UNITED NATIONS (AFP) — French President Nicolas Sarkozy piled pressure on Iran at the United Nations Tuesday, saying it would be unacceptable for the Islamic republic to get hold of nuclear weapons.
Sarkozy's comments came just hours before Iranian President Mahmoud Ahmadinejad was due to address the world body, in a speech expected to attempt to play down fears of Tehran's nuclear ambitions.
"Iran has the right to nuclear energy," Sarkozy told world leaders at the General Assembly's 62nd session here. "But allowing Iran to have nuclear weapons would mean an unacceptable risk for regional and world stability."
Sarkozy added there would be no world peace if the international community "shows weakness in the face of the proliferation of nuclear weapons," in a speech received with loud applause from the rest of the assembly.
Earlier Tuesday, US President George W. Bush delivered an address to the world body that surprisingly paid little attention to Iran -- alleged by the United States to be a sponsor of terrorism and part of an "axis of evil."
Washington has repeatedly accused Tehran of trying to obtain nuclear weapons, arming insurgents battling US troops in Iraq and aiding Lebanese Shiite militia Hezbollah, which the United States considers a terrorist group.
Ahmadinejad, who arrived in New York on Sunday, has repeatedly insisted that Tehran has no intention of developing nuclear weapons.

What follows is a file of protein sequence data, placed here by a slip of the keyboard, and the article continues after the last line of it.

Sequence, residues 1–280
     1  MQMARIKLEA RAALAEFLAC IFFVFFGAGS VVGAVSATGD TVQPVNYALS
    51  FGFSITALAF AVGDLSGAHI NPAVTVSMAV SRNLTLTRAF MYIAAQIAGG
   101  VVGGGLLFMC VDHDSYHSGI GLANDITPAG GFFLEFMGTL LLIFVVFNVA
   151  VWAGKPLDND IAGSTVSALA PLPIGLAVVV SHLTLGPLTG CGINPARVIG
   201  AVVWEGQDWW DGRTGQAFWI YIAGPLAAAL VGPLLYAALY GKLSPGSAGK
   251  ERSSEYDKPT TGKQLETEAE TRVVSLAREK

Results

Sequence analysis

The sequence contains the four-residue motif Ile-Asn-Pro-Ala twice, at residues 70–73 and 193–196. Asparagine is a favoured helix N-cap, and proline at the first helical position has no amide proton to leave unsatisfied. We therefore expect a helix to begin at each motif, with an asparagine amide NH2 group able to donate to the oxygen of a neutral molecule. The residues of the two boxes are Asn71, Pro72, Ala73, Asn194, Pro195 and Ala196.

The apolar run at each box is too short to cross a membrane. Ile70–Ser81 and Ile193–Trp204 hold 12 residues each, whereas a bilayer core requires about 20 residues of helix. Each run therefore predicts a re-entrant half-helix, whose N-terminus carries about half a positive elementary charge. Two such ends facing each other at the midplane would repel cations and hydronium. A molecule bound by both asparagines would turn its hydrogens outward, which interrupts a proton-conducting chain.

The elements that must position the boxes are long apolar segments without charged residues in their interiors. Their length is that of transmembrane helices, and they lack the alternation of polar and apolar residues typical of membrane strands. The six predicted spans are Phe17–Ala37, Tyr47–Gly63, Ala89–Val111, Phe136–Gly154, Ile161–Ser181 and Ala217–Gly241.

"We do not believe in nuclear weapons. Period. It goes against the whole grain of humanity," Ahmadinejad said Monday, speaking at Columbia University.
He earlier told Washington's National Press Club that there was neither any reason to believe the United States and Iran were on a collision course to war.
French Foreign Minister Bernard Kouchner said last week that France was preparing for war as a worst-case scenario, but Ahmadinejad described such talk as "a propaganda tool. Why is there a need for a war?" he asked.
The UN Security Council has adopted three resolutions against Iran. Two include sanctions because of Iran's refusal to halt uranium enrichment.
The United States is pushing for further UN sanctions on Tehran and would hold talks with the four other members of the Security Council -- France, Britain, Russia and China -- along with Germany on the issue this week.
Sarkozy stressed in an interview with the New York Times Monday his government's line was "no nuclear weapon for Iran" and said he would press for "an arsenal of sanctions" to convince Tehran to drop its nuclear ambitions.
But he took a step back from his foreign minister's position in media interviews one week ago, in which he said France was preparing for war. "For my part, I don't use the word 'war,'" Sarkozy told the Times.
Kouchner and his Iranian counterpart, Manouchehr Mottaki, were meanwhile to meet later Tuesday on the sidelines of the General Assembly, diplomats said.
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